Bull Strong, Hog Tight
Grown to survive decades, living hedge fences contain livestock and provide shelter from the elements.
By Karen Keb Will | Illustrations by Ray E. Watkins, Jr.
For our ancestors, it wasn’t uncommon to use materials found on their land to fence in their livestock. Some made their own fences from Mother Nature’s bounty, while others grew them in the form of hedgerows. The latter method may have taken longer, but since most folks tended to settle their homesteads early in life with the notion of staying there for the rest of their days, such a living fence made sense.
Such a fence is, however, just as viable an option today. See below for tips on how to create one yourself, and, as a bonus, we’ve included information on growing shelterbelts—a sort of cousin to hedgerows—to help reduce heating bills and protect your home and other structures from winter’s wicked winds.
In its most modern iteration, a living fence is a fairly thick hedge of trees and shrubs to which barbed wire is attached, or even ingrown through the tree trunks. While this structure serves its purpose, a living livestock fence that is free of wire or any other metal will allow for trimming and harvesting fence posts or firewood as the hedgerow matures.
Establishing an animal-tight hedge will take a few years and you’ll need to devise a plan to keep your grazing animals away from it until it becomes well established. When constructed carefully with appropriate tree and/or shrub species, the hedge will be physically impervious to most classes of livestock for years to come. If at least one of the species in the hedge is thorny, animals that lean on the hedge will get pricked and thus learn to avoid it. As with any fence, however, such containment only works if the animals are not starved or frightened into needing an escape.
Planning and Planting the Hedge
In the fall, lay out your hedge and mow down the grass where it will be planted. Turn a furrow or otherwise till the area; the turned soil will mellow over the winter. If weeds or grass begin to sprout, turn down with a disc, tiller or hoe.
When choosing the main structural wood for your hedge, consider easy-suckering hardwood trees like Osage orange, black locust, holly, honey locust, elm or oak. Many of these plants produce viable seeds, so use whatever you have readily available, but avoid the use of plants such as the noxious multiflora rose and, unless effectively managed, the weedy Eastern red cedar.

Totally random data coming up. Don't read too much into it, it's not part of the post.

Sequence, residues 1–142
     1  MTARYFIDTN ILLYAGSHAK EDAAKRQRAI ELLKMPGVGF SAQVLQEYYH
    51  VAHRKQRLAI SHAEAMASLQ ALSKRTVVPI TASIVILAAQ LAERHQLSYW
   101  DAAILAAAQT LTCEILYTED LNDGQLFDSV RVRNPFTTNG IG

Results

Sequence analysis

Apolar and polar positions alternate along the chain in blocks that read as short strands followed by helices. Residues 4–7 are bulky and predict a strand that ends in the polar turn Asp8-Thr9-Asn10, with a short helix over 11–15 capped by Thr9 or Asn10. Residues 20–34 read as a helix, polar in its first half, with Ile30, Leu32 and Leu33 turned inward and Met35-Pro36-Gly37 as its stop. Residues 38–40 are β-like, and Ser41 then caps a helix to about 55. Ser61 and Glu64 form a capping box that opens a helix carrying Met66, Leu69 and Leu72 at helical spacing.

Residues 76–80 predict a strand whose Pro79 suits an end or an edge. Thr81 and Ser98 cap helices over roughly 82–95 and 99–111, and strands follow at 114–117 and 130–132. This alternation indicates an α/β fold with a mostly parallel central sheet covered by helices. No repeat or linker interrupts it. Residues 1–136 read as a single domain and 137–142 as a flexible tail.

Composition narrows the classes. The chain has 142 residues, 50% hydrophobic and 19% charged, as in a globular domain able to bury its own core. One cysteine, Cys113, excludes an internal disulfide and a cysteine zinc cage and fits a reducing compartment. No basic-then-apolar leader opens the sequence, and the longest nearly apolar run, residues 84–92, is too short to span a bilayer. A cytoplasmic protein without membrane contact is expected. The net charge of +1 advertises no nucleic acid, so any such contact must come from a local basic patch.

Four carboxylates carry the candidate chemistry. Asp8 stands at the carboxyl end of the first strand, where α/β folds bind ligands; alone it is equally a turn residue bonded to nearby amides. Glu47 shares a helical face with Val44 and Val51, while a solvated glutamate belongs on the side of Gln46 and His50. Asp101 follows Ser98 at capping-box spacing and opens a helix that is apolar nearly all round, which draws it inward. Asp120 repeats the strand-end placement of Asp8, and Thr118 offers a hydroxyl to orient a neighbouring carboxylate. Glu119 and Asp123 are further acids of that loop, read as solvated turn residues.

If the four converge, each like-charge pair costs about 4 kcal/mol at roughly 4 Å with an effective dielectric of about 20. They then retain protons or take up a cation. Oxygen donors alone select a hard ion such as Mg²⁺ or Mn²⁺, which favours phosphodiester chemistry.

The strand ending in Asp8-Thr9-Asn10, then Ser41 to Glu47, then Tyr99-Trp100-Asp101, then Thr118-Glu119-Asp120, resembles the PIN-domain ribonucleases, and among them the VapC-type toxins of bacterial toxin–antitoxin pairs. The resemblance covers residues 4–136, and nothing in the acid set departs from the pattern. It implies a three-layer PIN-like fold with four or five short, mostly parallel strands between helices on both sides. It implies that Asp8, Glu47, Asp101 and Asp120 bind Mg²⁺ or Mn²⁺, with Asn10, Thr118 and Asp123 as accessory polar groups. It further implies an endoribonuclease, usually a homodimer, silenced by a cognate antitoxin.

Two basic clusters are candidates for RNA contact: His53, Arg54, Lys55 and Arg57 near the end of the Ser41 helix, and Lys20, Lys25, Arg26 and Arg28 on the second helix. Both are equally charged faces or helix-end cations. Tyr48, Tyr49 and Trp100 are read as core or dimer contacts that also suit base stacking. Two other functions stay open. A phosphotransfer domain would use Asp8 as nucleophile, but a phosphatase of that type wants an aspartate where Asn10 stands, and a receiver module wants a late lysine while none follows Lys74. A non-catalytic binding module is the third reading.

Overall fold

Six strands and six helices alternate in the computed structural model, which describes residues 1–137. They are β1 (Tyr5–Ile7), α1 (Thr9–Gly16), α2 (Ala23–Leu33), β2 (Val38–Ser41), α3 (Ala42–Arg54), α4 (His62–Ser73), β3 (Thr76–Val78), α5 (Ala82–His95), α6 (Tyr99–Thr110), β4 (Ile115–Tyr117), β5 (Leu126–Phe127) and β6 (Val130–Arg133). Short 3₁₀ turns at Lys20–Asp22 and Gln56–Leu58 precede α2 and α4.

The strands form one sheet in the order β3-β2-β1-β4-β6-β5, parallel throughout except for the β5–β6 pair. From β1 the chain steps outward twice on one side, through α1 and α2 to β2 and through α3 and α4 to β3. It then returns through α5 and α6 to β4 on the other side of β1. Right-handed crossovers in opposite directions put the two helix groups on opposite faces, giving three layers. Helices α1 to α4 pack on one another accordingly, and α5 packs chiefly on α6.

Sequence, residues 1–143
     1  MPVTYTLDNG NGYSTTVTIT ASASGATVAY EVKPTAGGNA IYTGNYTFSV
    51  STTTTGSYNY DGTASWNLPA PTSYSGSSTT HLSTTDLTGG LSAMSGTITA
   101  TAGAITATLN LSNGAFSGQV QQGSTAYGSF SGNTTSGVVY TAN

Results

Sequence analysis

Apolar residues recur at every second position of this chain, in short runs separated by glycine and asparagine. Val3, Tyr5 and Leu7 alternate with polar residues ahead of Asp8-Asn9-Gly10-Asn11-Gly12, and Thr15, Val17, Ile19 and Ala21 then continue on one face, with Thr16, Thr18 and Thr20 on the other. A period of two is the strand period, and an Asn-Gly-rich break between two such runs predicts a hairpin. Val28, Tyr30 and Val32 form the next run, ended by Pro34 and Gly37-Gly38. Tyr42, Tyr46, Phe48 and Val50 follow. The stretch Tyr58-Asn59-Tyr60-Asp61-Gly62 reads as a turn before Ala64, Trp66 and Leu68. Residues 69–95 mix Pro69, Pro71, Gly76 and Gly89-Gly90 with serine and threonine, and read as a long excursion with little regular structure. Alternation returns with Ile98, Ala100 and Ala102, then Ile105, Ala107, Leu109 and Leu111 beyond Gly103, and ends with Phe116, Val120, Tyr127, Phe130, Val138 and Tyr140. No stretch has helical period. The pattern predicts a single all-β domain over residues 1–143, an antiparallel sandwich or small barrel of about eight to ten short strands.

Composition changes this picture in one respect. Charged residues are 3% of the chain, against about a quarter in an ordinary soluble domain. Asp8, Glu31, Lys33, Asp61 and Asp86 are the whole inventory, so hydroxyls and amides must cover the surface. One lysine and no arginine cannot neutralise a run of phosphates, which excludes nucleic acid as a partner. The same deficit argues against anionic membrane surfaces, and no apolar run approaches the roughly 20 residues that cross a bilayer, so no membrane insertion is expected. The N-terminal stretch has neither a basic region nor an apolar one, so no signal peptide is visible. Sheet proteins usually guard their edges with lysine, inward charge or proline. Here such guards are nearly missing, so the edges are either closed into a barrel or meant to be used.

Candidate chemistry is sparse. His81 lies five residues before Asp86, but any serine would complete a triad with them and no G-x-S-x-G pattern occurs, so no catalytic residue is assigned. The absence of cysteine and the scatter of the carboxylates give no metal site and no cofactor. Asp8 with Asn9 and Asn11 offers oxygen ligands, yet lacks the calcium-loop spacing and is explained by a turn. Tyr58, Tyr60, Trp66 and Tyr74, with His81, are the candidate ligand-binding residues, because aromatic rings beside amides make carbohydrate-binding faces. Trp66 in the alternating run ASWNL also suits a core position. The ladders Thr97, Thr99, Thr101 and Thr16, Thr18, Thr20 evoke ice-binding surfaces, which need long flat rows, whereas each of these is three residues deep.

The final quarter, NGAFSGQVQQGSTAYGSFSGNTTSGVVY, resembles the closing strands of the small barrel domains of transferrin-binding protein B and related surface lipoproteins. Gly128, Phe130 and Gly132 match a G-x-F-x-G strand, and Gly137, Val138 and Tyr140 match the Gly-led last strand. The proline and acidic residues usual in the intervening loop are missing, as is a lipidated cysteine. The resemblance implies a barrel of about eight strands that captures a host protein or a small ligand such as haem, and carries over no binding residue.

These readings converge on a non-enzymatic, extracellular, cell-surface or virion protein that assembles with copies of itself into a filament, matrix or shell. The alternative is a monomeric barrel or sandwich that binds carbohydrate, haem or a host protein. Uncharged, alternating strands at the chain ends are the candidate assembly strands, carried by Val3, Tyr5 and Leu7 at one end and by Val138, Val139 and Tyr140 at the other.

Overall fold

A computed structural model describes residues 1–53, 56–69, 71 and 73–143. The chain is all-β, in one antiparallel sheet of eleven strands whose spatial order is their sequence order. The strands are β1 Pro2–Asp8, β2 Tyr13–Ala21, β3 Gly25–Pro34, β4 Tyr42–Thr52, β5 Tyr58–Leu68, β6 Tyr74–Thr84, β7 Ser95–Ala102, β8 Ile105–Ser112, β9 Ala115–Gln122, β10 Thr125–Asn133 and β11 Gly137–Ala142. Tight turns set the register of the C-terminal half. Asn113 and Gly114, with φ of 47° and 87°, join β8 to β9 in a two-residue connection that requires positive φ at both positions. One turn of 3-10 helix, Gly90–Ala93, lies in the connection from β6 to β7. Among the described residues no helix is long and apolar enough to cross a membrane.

In Caldwell’s Treatise on Hedging, nineteenth-century agriculturists showed that similar results are achieved when planting seed or transplanting seedlings. You’ll need enough of either, though, to plant every 12 to 18 inches in your furrows.
Plant the seeds or seedlings at about the time you would normally plant corn in your area. Partially backfill the furrow to cover the seeds; press the seeds and soil into contact by walking down the furrow with flat-soled shoes, or simply wait for the next hard rain to do it for you. As your hedge seedlings germinate, thin and/or redistribute to accomplish the ideal spacing.
To plash the seedlings the following fall, carefully lay them over at about 2/3 of the way up from the base to the tip. Then secure them to the ground by covering the tip with soil. If simply burying them doesn’t hold the plant tips down, you may need to use anchor pins. If the young plants are not flexible enough, take a small axe or machete and partially sever the trunk near the base to facilitate laying them over—make sure to leave at least a third of the trunk intact.
The following spring, the now-horizontal seedlings will send up shoots vertically along the trunk. In the fall, bend these shoots horizontally and weave them together so you get a woven barrier that’s about 24 inches off the ground. In the third spring, these stems will begin growing into one another. By the third fall, new shoots will have also grown vertically. If you wish, weave this growth together or simply prune the hedge to its final height.
In subsequent summers, prune the growing green shoots several times. This will stimulate the lower buds to produce more lateral branches, which will make the hedge even less permeable.
Living hedges of this kind can be created using just one type of plant, or a logical mixture of species. Typically, plants native to your area work best. In the end, you’ll have established a lovely hedge that will harbor all manner of songbird nests and one that will contain all but the most determined livestock. With a little time and luck, your efforts will pay with a fence that’s bull strong and hog tight.